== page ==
Copying and distributing are prohibited without permission of the publisher.


Picking the right game-plan in volatile markets

02 Jun 2008

The turmoil in the world’s credit markets since the summer of 2007 has proved how quickly conditions can change in the financial markets. Choosing the right FX strategy has never been more important. 

The sudden swings in the yen/dollar market highlight just how important it is to be fully informed. But predicting which way the yen will move next is no simple task.

The global credit crisis has reinforced the idea that the yen functions more as a proxy for international risk appetite than as an independent Japanese currency. As the dollar slides and global markets slump, the yen rallies, and that leaves Japanese investors exposed to forces outside their own market, and well outside their own control.

"Although the strong yen has contributed to lower import prices of raw materials and products, soaring raw material prices have a profound impact on our business and prime costs have been increasing as a whole," says a treasury official at Suntory, the Japanese brewer.

The popular opinion is that the yen will continue to gain ground against the dollar through 2008. But the key question is by how much?

"The yen has become an indicator of risk aversion in the global market," says Ashley Davies, senior foreign exchange strategist at UBS in Tokyo. "It has rallied against the dollar as people have become more concerned about the health of the US economy, and we think that process will continue. The dollar may gain some ground in the short term, but we are forecasting a yen/dollar of around 100 at the end of 2008."

Masafumi Yamamoto, head of FX strategy at Royal Bank of Scotland in Tokyo, predicts the yen will rise to ¥96 to the dollar by the end of this year.

"Risk appetite is the main focus," says Yamamoto. "The yen’s strength is a sign of the risk aversion of global investors, and we think that has some way left to run. The underlying problem is the US economy, and that worry is still there."

Eisuke Sakakibara, the former vice minister for international affairs and the man known as Mr Yen during his time in office, told EuroWeek’s sister publication Emerging
in April he believes the yen will break ¥90 to the dollar this year as Japanese investors unwind their overseas investments.

While that will hurt Japan’s exporters, one treasury manager at a big telecommunications firm welcomes the stronger yen.

"Basically, foreign currency assets and liabilities balance, so the impact has been neutral," he says. "However, because there is an import flow from abroad in the communications business, if anything there is a sense that an increase in the value of the yen works in our favour."

Junpei Yamamoto, head of FX sales at Barclays Bank Tokyo, says the outlook for the yen depends on whether subprime-linked disruptions get worse or subside. "Renewed investor appetites could lift the yen-dollar rate back to the ¥110 level over the coming year," he says.

Richard Yeatsenga, regional foreign exchange strategist at HSBC in Hong Kong, has a more optimistic view for the dollar.

"The yen-dollar will head back up as the dollar strengthens through 2008, and it is likely to reach ¥115 by the end of the year," he says.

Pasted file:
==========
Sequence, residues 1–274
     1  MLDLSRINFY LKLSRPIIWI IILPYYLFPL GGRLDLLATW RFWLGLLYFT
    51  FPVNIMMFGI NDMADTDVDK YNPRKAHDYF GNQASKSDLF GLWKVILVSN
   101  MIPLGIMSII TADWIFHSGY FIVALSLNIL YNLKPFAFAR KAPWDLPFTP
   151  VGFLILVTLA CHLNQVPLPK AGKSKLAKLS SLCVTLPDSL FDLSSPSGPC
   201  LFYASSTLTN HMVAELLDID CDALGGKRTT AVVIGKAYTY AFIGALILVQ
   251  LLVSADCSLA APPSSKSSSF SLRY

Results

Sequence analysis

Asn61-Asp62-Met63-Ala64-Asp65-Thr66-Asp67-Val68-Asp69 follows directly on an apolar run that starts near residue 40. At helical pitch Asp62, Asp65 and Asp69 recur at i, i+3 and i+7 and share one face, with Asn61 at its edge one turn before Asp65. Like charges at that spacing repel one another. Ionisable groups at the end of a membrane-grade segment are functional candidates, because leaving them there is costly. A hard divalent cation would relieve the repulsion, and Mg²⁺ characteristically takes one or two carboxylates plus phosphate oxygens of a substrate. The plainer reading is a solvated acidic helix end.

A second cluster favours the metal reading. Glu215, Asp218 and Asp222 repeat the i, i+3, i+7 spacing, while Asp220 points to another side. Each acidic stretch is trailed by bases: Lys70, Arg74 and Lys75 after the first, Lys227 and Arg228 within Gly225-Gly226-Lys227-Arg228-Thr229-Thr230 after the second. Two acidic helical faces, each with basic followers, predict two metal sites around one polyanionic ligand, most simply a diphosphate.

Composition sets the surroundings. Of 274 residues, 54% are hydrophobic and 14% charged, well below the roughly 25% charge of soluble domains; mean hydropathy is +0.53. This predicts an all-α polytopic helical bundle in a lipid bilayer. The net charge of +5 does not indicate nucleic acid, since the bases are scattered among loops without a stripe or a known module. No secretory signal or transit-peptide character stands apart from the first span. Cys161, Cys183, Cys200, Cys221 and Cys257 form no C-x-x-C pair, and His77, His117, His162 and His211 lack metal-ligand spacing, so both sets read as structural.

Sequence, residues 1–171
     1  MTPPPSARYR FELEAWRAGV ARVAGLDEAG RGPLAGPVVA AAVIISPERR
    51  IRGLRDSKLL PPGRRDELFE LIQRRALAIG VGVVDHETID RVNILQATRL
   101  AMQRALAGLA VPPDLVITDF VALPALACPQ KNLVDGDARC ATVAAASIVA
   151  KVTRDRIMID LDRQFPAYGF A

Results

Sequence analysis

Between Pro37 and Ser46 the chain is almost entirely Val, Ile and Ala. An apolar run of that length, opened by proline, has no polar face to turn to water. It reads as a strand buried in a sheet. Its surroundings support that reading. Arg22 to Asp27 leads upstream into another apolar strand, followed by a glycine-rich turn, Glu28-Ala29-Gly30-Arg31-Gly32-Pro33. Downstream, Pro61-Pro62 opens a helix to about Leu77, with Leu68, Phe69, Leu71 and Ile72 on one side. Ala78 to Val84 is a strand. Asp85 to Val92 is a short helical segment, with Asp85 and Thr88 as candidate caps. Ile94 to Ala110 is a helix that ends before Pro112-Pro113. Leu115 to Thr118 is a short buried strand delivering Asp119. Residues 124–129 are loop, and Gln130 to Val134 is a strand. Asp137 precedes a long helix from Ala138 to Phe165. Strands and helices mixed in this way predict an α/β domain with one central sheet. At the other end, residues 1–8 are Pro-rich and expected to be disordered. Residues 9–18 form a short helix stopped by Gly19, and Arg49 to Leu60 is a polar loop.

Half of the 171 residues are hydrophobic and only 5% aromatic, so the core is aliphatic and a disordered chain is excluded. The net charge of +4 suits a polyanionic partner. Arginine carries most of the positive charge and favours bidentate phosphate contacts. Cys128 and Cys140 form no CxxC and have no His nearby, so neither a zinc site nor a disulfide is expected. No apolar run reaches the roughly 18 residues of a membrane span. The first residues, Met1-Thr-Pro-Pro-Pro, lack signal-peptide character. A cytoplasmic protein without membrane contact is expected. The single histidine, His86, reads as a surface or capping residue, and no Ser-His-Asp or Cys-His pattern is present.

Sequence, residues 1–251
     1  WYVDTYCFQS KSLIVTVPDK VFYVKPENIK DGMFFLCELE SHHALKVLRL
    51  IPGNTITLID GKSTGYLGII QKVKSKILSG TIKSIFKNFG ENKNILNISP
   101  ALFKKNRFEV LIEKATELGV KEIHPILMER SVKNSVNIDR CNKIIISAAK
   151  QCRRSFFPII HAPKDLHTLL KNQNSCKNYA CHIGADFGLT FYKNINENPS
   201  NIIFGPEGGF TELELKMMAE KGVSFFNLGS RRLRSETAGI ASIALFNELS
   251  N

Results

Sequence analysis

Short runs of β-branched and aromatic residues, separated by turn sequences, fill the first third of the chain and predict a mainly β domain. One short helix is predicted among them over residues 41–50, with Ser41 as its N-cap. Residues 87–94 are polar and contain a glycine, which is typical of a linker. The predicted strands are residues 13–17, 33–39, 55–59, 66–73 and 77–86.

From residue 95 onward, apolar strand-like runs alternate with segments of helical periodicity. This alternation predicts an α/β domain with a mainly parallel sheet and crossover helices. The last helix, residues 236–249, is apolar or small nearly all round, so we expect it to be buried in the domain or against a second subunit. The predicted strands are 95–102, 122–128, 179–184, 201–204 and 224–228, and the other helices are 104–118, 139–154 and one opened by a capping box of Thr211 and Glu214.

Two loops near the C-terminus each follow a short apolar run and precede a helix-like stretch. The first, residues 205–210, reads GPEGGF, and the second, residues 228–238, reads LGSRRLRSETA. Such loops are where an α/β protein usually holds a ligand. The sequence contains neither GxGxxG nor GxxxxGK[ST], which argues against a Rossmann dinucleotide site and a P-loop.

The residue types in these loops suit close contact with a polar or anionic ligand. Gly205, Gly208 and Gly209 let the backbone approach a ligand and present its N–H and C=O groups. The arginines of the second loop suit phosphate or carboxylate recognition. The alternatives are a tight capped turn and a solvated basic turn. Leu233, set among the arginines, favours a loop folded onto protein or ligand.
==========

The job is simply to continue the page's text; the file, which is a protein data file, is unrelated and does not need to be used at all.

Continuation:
Slowing economy

The tremendous demand for the yen as a safe haven investment — both for Japanese and international investors — has to some extent shielded it from the effects of domestic developments in early 2008. News that would otherwise have been detrimental to the yen has been lost in the fog of the global market turmoil.

Japan’s domestic economy, however, cannot be entirely ignored, and here analysts are in a dilemma.

Inflation data released at the start of April showed that prices rose by more than 1% on an annualised basis. That would ordinarily allow the Bank of Japan to consider raising interest rates above the paltry 0.5%, yet confidence in the economy is running low. The widely-followed Tankan index of business sentiment dropped sharply in the first quarter of 2008 to 11 points — a four year low — suggesting that policymakers may need to keep interest rates low to stimulate growth.

"Inflation is putting the BoJ under enormous pressure," says Yeatsenga at HSBC. "Price rises are unwelcome for Japan’s fundamentals but the idea of a rate cut is untenable."

Adding to the confusion is the fact that the Bank of Japan was embarrassingly without a governor for several weeks, leading to speculation that the position had been weakened by the leadership crisis. RBS’s Yamamoto, however, believes the new governor at the BOJ will be reluctant to change the current interest rate regime.

"Masaaki Shirakawa was involved in the big policy decisions taken under the leadership of former governor Fukui, so he is unlikely to change the previous policy," he says. "The economy may be slowing, but not to the extent that the BoJ will be cutting interest rates. We think rates will stay unchanged until the third quarter of 2009."

The major manufacturers who report for the Tankan survey are not confident about Japan’s economic outlook, and the index is expected to fall further in the next report in June.


Re-engineered economy

There is, however, some room for optimism in Japan’s shifting trade patterns. Manufacturers cannot compete on price with cheap Chinese goods, but instead Japan has developed bigger links with Europe and re-engineered its economy to benefit from China’s boom. A large proportion of Japanese exports goes to China, and though some of those exports eventually end up in the West, that leaves Japan less exposed than many of its Asian neighbours to a slowdown in the US.